SALEM, Ore. -- Oregon has taken another step toward loosening its self-service fueling restrictions, which places it alongside New Jersey as the only state to forbid the practice at least in part.
In January 2016, Oregon began allowing residents of rural counties—areas with a population of 40,000 or less—to pump their own fuel between 6 p.m. and 6 a.m. The motivation behind the move was to provide residents of these rural areas overnight access to fuel without forcing gas stations to provide 24-hour staffing, which could be expensive and challenging in sparsely populated areas. Eighteen counties in the state qualified for the relaxed restrictions. Then in 2017, the state legislature voted to further broaden the self-service option to 24 hours a day for these rural residents, beginning in January 2018.
Oregon newspaper The Bulletin spoke to local c-store retailers before the new, relaxed regulation went into effect and found mixed reactions. Jeffrey Honeywell, owner of two Shell-branded sites in counties affected by the law, was prepared to offer self-service all day.
“We are going to take advantage of it,” he told The Bulletin. “But we will have someone where there are people that are going to need assistance.”
Some gas stations contacted by The Bulletin either had not heard of the new law or did not believe there was demand for it.
“Honestly, I don’t think we’re going to make a change,” said Shelby Perkins, a cashier at a 76 branded station in Prineville, Ore. “Our regular, longtime customers love coming here and talking to us while we pump their gas.” She also did not believe many customers knew how to operate a fuel pump.
A couple of retailers said they would continue to provide full-service fueling because their dispensers are not set up for self-service.
“My equipment is not set up for credit cards,” said Justin Bidiman, owner of Metolius Market in Metolius, Ore. “So we don’t have any way of recording the gallons.”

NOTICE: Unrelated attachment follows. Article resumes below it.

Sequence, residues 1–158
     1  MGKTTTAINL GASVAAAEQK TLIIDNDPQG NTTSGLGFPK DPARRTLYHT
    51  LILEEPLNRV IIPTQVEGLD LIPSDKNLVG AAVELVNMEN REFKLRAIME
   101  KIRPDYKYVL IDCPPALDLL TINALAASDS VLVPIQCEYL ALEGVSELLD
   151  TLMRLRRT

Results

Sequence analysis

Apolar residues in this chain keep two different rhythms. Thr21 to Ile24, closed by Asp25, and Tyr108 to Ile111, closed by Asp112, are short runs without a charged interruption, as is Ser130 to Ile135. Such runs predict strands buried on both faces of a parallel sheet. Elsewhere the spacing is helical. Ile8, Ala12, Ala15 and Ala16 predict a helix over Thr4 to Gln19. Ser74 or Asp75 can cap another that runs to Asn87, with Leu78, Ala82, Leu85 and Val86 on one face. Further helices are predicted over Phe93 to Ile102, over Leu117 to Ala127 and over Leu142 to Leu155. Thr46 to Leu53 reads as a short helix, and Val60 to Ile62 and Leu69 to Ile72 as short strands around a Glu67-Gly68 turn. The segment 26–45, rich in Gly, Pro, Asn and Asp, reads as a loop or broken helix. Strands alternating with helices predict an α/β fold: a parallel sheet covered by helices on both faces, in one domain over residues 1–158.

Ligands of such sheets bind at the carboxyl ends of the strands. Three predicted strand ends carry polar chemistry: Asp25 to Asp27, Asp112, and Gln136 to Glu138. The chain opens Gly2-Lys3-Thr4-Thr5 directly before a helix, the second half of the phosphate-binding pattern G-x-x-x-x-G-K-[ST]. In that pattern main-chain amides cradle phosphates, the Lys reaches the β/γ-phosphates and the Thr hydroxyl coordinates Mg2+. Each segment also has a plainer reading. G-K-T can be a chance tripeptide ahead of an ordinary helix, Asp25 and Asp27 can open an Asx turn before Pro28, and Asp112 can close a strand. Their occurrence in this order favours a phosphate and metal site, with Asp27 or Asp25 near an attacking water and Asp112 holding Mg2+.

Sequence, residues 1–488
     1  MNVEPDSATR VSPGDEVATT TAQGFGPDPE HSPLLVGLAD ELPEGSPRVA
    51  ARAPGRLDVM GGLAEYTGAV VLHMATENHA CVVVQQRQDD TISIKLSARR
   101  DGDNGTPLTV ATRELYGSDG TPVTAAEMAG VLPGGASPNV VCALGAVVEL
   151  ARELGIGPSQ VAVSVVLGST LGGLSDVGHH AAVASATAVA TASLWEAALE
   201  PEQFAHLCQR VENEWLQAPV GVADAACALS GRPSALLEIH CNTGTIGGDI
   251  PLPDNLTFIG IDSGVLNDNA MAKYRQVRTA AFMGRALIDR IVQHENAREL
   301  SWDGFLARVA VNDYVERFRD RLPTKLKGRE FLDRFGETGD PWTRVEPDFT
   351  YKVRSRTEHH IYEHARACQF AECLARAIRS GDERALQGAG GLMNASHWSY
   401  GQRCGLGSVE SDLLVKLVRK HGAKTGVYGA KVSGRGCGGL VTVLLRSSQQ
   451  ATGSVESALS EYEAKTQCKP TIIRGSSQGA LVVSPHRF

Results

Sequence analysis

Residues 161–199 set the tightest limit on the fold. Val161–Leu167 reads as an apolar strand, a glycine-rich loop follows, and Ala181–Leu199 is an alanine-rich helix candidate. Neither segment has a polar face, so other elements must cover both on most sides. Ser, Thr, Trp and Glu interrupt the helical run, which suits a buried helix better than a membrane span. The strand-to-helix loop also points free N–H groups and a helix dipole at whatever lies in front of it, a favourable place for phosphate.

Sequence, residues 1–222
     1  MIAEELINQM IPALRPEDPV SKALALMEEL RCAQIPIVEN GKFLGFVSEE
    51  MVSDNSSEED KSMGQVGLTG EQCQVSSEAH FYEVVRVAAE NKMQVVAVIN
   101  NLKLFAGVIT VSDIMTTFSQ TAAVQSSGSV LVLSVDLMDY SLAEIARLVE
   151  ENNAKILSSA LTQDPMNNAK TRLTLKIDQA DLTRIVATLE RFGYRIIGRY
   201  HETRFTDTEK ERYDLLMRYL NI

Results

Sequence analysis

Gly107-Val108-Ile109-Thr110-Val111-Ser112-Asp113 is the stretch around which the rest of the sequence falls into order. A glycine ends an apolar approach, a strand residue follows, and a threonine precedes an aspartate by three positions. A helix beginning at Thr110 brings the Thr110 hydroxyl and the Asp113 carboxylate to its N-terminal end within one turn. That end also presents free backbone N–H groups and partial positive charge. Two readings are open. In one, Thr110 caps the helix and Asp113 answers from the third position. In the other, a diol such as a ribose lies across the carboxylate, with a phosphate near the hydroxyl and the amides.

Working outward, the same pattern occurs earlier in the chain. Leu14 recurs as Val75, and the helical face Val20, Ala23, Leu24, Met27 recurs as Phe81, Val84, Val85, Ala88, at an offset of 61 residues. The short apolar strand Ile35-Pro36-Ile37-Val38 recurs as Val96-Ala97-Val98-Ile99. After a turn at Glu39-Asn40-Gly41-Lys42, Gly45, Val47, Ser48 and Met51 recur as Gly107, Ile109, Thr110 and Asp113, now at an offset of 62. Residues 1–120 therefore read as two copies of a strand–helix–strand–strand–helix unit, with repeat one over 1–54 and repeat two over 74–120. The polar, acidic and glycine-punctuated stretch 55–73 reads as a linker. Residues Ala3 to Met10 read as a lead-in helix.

What might have been a local story, however, quickly became national news after a TV news station’s Facebook post went viral. KTVL News in Medford, Ore., asked its followers if they thought Oregon should allow self-service across the state. A few responses reflected the anxiety that some Oregonians had about the practice.
“Not a good idea,” commented one Facebook user. “There are lots of reason to have an attendant helping, one is they need a job. Many people are not capable of knowing how to pump gas and the hazards of not doing it correctly. Besides I don't want to go to work smelling of gas when I get it on my hands or clothes.”
“I don't even know HOW to pump gas, and I am 62, native Oregonian,” said another. “I say NO THANKS! I don't want to smell like gasoline!”
“Disabled, seniors, people with young children in the car need help,” said a third. “Not to mention getting out of your car with transients around and not feeling safe too. This is a very bad idea. Grrr.”
As of press time, the post had been shared nearly 64,000 times and had more than 57,000 comments, the majority from out-of-state residents who ridiculed Oregonians for not knowing—or wanting to know—how to pump gas.
New Jersey News
Meanwhile, in New Jersey, a state lawmaker is weighing whether to reintroduce legislation that would allow self-service fueling in the state, which has been outlawed since 1949. Assemblyman Declan J. O’Scanlon Jr. (R) has been a longtime critic of the self-service ban and told The New York Times that he often pumps his own gas, regardless of the law.
“It’s ridiculous,” O’Scanlon said. “If I want to pull in, get in and out quickly, I should be able to do so.”
O’Scanlon co-sponsored a bill two years ago that would permit self-service fueling, but the legislation went nowhere. In 2009, Gov. Chris Christie (R) proposed the change but dropped the idea after strong negative response from the public. A December 2015 poll found that nearly 75% of New Jerseyians preferred full-service fueling, including 84% of women.